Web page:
Measurement has been a troublesome thing for the church for two thousand years." That's how Jim Mellado of the Willow Creek Association responded when I asked about measuring congregational success. "It's incredibly hard to measure transformation in a heart," he continued, "and that's what we're all after."
No matter how you state the ultimate goal of your ministry, it is difficult to measure the things that truly matter.
When I began writing this, oil was still gushing into the Gulf of Mexico from a drilling accident at the Macondo site. It was being described as the worst environmental disaster in history because of the widespread effect on the Gulf and its shoreline. Now the oil has stopped flowing and the most intense cleanup work is complete, but the incident is far from over.
Several storylines remain, including investigations to determine causes and assign financial liability, and debates over what restrictions to impose on future offshore drilling.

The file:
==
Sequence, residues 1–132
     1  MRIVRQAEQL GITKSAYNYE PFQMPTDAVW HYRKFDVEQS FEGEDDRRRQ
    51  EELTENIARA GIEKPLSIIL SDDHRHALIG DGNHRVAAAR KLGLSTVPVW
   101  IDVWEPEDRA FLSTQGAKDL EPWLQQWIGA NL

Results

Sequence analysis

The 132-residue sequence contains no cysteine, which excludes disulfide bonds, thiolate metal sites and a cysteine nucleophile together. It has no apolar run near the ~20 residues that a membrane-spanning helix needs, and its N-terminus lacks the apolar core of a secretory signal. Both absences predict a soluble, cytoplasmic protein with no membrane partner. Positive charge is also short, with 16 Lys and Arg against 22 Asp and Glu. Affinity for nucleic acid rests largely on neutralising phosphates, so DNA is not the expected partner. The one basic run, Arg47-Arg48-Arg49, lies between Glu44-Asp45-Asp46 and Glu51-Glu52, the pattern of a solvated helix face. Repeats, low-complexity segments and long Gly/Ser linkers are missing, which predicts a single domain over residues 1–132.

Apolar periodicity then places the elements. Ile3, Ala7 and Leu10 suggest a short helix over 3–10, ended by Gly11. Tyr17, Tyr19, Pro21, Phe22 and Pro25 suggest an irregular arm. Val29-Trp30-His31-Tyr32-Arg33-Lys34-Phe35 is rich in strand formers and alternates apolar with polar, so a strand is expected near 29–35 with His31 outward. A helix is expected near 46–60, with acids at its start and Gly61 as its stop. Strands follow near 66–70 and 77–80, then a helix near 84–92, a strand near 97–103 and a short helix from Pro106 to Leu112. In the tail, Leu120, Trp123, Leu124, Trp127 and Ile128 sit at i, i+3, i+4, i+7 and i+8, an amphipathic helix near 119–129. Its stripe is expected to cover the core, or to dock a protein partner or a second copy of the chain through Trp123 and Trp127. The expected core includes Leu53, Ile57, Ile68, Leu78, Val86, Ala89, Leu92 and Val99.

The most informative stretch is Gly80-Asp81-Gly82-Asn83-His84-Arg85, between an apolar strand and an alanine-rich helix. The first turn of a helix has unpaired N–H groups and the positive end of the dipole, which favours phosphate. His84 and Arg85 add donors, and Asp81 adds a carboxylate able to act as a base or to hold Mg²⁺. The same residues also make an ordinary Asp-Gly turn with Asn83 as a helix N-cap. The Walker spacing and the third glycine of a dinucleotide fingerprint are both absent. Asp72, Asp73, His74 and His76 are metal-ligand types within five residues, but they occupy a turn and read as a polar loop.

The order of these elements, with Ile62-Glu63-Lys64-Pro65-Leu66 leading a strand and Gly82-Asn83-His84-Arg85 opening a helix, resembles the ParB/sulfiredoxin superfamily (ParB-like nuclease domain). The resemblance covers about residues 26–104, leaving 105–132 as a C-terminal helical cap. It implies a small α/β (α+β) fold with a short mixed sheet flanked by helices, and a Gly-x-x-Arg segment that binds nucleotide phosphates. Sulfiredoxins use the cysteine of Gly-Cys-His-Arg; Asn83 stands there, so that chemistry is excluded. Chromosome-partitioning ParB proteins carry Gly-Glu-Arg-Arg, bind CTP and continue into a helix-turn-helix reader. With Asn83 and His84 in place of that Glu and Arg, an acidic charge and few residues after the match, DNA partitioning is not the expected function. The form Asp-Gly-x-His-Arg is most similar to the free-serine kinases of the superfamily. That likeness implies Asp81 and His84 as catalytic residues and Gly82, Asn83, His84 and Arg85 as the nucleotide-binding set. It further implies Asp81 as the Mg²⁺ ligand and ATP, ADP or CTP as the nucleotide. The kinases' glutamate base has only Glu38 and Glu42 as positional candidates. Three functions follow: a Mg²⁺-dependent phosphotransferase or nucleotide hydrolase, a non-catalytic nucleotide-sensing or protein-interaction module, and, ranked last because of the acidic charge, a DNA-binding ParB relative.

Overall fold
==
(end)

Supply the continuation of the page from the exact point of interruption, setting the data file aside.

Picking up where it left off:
Measurement is an important subplot in this story. In the weeks after the blowout, two measures received a lot of attention: the number of days that it took to cap the well and the amount of oil that had escaped into the environment. The first was easy to quantify but of little value to anyone except the media. The second, the amount of oil, was much more difficult to measure and hotly debated. It caused me to wonder: Does it matter? Apart from sensational headlines, how does the quantity of oil from Macondo make any difference for the future? The official government estimate is that 4.9 million barrels leaked into the Gulf, but apart from the size of the fines assessed, this measure has no impact on the most important issues for the Gulf Coast.
What actually matters going ...